Post Office Mail Truck Decision Delayed as Prototype Tests Rolls On

The U.S. Postal Service’s multibillion-dollar program to create a new fleet of advanced design mail trucks remains in the prototype testing stage, even though the agency had expected to have a decision by now.

The Postal Service once said that it would announce a winner in the competition as soon as last month, but officials now tell Trucks.com that the vehicles are still being evaluated.

Five companies remain in the running to win all or part of the business to design and manufacture up to 180,000 new right-hand drive delivery vehicles for the independent agency. The contract could be worth up to $6.3 billion by some estimates, with the work spread over five or more years. Electric vehicles and hybrids are part of the prototype mix.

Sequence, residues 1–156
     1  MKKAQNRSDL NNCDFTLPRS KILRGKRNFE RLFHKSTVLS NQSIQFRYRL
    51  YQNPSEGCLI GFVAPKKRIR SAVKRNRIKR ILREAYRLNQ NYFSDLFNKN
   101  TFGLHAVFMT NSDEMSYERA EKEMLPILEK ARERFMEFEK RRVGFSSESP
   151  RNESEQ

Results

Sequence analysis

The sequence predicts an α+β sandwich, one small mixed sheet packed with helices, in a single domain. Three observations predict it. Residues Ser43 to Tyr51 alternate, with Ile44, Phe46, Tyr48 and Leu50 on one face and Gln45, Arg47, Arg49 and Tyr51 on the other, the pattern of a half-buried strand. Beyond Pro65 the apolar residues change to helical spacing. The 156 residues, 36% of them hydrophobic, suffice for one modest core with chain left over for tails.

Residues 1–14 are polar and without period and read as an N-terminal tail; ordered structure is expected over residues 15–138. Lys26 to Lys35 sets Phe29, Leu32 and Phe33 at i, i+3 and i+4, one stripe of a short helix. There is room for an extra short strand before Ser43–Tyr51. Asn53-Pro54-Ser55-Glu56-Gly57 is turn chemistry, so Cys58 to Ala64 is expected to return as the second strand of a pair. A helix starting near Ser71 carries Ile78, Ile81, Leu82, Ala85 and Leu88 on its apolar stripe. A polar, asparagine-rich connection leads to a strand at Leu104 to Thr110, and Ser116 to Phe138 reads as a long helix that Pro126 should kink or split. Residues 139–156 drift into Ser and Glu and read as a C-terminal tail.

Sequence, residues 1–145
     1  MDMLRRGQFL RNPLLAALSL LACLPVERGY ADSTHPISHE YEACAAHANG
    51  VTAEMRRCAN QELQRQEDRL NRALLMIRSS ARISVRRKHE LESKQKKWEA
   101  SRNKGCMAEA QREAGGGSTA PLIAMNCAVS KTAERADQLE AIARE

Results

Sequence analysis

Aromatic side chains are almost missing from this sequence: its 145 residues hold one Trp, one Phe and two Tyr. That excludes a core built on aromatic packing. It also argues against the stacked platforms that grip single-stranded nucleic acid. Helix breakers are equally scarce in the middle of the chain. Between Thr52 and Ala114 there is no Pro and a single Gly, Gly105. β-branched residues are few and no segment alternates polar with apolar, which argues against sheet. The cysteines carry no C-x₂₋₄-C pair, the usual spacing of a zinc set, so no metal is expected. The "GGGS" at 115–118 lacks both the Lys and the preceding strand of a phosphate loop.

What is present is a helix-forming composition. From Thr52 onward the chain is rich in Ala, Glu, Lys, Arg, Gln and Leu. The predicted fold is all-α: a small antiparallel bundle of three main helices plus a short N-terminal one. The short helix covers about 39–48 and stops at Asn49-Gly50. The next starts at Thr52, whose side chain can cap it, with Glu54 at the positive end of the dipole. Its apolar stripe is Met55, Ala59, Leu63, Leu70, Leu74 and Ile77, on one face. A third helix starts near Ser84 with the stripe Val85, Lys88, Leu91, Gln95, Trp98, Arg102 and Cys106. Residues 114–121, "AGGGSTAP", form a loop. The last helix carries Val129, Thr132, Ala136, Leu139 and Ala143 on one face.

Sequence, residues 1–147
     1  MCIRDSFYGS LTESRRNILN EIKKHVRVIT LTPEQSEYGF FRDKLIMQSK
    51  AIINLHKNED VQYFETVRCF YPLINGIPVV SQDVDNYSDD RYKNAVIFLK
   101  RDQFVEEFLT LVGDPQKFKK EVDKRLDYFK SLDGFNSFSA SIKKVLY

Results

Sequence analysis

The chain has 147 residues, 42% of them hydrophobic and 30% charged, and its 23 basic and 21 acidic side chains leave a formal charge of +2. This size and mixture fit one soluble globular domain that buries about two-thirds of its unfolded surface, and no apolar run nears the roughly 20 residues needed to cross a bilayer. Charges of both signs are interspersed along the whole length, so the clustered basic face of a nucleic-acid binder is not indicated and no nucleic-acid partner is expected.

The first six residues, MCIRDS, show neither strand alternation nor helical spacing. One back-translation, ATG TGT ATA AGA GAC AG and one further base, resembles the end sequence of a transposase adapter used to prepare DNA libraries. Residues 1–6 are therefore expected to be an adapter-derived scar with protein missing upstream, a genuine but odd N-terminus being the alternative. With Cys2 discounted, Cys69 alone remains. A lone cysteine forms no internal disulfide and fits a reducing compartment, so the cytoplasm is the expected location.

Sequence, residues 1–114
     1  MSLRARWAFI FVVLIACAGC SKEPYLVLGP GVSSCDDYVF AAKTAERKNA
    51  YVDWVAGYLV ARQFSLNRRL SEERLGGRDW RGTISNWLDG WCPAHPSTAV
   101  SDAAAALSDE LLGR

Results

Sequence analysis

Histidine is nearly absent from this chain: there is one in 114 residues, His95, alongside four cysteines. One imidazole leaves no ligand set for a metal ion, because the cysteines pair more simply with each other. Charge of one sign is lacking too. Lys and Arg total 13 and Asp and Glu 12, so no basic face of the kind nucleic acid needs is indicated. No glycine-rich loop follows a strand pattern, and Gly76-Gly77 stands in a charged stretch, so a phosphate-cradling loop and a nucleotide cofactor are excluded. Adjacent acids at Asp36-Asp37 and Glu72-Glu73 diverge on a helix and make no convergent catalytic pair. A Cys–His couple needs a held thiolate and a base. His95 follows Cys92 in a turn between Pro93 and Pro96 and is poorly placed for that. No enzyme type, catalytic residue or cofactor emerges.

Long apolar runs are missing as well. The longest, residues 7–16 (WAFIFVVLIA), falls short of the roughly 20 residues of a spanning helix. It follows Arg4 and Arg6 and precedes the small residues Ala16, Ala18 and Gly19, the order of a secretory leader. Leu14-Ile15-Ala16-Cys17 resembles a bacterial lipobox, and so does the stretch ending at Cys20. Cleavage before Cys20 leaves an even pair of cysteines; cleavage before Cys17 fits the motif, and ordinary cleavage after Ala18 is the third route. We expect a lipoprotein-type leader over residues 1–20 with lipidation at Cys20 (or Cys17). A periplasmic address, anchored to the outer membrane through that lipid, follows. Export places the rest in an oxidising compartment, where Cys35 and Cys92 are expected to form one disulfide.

The acquisition process was launched in January 2015. Street testing began in fall 2017. Early estimates by the agency called for a final contract award in 2018, with deployment of the production vehicles in the summer of 2019. That timeframe is now in question.

“Given the early phase of the program — prototype testing phase — the Postal Service has not yet finalized a timeline to release a solicitation to procure purpose-built delivery vehicles,” said U.S. Postal Service spokeswoman Kim Frum in an email to Trucks.com.

Other factors also may be contributing to the wait to replace the agency’s aging fleet of mail trucks, including potential political headwinds.

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